In contrast, others argue that BHM is a tokenistic and patronising gesture that highlights how much work is yet to be done. Why is Black history recognised, understood and celebrated for just one month of the year?

If there has to be a month that celebrates Black history, does that not suggest that ‘mainstream’ history is still seen as white, and implies that Black history is therefore peripheral? Thirty-one days out of 365 is not enough, some point out, and trivialises the historical human cost of Black history. Having a few posters or highlighting a handful of Black people who have achieved fantastic things does not truly educate, and can be experienced as a patronising and trivialising.

Four actions to consider at work during Black History Month

The most important voices in these debates are Black people’s voices of course. As a white woman, it is my responsibility to listen, reflect, read, and educate myself about Black history and its impact on today’s patterns of ‘who gets what’ in education, housing, employment and the criminal justice system, for example.

Our institutions and businesses too need to listen, reflect, and educate, and understand why there are such different views on Black History Month, and acknowledge and respect those views. And then, decisions need to be made on how to practically proceed. Four things to consider are:

1. Consult with Black staff and listen very carefully. What is said will make some people uncomfortable. Keep listening.

2. Have the conversations about how the company is going to respond to Black History Month as a concept and make sure that Black colleagues are part of this decision-making process. The decision might be to celebrate Black communities and individual achievements and to recommend brilliant books like Empireland by Sathnam Sanghera and Brit(ish) by Afua Hirsch. It could involve ensuring that every event or statement about Black History Month makes clear that an acknowledgement of BHM will translate into practical actions to address the underrepresentation of Black people in leadership positions, for example, or to strengthen the anti-harassment work, or to ensure those who recruit and select are well trained in how to avoid ‘cloning’ themselves.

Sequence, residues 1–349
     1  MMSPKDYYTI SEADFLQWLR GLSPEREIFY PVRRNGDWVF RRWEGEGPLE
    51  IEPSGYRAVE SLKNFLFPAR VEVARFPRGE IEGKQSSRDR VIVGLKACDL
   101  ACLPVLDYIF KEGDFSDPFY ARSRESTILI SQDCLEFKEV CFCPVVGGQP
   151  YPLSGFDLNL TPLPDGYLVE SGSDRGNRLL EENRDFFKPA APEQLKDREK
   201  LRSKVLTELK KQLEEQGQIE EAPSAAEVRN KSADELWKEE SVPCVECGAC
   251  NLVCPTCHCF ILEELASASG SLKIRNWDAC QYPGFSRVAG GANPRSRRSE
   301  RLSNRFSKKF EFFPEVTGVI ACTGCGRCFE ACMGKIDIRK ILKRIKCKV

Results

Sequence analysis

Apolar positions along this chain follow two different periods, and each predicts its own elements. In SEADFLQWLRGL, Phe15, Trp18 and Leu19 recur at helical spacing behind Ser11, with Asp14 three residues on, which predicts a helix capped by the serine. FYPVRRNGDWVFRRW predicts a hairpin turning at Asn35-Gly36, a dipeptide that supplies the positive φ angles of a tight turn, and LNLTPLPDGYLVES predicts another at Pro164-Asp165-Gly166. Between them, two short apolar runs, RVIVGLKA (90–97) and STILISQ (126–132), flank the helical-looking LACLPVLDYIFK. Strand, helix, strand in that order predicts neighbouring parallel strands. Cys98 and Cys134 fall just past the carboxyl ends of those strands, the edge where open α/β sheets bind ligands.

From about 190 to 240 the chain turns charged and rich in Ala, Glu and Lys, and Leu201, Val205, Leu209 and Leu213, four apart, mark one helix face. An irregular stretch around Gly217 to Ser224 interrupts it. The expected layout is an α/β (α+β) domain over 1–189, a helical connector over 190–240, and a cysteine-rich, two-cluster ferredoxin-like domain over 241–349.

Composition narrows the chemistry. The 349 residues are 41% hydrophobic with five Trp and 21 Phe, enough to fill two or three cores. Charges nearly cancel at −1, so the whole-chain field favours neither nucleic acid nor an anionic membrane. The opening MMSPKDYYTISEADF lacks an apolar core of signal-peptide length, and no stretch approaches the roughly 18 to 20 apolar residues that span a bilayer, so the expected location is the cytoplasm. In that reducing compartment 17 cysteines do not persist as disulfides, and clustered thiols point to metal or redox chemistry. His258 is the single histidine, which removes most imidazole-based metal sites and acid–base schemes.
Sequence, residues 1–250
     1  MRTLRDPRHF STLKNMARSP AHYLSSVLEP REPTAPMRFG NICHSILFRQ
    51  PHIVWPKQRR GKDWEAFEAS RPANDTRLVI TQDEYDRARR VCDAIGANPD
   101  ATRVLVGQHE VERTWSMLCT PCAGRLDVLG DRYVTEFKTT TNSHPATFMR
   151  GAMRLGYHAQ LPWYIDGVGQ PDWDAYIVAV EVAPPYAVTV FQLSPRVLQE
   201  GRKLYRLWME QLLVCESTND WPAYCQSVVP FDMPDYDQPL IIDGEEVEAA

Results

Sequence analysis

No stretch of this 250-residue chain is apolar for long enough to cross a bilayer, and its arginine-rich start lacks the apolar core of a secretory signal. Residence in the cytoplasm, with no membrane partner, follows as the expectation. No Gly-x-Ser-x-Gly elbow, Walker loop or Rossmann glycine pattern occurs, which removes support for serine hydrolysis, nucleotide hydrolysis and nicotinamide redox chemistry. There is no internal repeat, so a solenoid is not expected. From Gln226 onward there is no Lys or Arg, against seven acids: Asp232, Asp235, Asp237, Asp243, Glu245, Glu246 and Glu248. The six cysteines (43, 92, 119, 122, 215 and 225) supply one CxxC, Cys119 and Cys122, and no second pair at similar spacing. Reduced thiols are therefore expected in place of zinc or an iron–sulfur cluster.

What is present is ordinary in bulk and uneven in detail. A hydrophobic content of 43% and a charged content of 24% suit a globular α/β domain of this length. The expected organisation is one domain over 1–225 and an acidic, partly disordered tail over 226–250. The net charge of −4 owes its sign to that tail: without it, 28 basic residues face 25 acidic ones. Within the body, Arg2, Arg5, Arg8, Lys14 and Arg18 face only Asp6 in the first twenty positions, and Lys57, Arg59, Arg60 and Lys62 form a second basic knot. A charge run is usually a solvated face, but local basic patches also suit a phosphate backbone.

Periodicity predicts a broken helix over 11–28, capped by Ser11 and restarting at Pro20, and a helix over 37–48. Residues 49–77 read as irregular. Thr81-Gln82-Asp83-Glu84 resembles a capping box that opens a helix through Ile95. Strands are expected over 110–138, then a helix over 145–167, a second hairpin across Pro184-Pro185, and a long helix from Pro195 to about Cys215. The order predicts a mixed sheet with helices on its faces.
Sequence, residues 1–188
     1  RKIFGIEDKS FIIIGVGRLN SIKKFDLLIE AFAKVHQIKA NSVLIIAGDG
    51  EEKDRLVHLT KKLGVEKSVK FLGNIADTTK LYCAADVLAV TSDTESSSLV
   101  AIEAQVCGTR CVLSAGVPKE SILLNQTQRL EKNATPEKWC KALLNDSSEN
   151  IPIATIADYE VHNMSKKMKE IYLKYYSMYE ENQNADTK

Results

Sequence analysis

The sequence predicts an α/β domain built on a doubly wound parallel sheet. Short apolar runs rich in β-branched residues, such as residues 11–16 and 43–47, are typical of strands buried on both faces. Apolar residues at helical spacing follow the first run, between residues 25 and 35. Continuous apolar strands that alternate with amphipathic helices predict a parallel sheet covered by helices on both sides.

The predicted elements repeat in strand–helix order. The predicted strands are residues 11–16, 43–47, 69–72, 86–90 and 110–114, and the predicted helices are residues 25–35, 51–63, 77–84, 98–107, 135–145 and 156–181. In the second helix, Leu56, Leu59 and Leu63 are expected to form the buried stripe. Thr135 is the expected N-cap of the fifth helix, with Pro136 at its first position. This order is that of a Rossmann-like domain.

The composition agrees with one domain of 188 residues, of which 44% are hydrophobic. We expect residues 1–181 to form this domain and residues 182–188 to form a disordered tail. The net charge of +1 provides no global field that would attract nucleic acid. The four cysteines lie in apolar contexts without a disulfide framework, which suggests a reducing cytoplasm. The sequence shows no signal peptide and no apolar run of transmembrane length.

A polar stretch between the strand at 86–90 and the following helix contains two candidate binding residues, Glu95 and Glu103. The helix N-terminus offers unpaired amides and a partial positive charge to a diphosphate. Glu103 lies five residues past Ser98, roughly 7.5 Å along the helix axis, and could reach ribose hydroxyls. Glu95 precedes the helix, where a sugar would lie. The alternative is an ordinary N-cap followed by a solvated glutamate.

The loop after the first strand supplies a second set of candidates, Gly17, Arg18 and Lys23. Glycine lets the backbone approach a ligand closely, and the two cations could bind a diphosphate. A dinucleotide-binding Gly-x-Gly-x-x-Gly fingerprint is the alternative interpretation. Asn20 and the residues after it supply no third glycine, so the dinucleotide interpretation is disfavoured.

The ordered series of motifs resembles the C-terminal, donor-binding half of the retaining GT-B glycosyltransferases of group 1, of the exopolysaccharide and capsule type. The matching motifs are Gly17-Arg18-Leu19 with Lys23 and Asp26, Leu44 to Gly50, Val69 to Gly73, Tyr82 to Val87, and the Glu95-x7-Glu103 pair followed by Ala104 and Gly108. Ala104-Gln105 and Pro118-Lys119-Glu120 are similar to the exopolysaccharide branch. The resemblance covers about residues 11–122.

3. Do things to tackle racism in the other 11 months of the year. Create a culture where everyone knows what is and isn’t acceptable behaviour, and why. Weave the learning from Black History Month into leadership and management programmes, approaches to customer care and how staff are recruited and selected. Think about supply chains – are you working with businesses that share your values and are also doing the work to address the underrepresentation of Black people at senior levels, for example. If it’s in the contract that that is what is required, supply chains will sit up and take notice.

4. Ensure your board and leadership team are as confident in providing professional leadership on all aspects of anti-racism and inclusion as they are about anything else in their remit.

When celebrated well, Black History Month can be a powerful way of educating, celebrating, and acknowledging. It is a month where we can collectively think about what having a Black History Month means, how white people can be real allies, and consider how we can work towards a time when Black History Month isn’t necessary, nor the days and weeks that recognise other marginalised groups.

Jane Farrell is the Co-Founder of EW Group, after being the Chief Executive from 1992 to 2021. She is a specialist in inclusive leadership, unconscious bias, organisational change and cultural adaptability. Jane has vast experience in diversity consulting and training, specialising in working with senior management teams to improve individual, team and organisational performance. She has delivered large-scale diversity programmes for our high-profile client base, including London Underground which at the time was the UK's largest diversity management programme of its kind.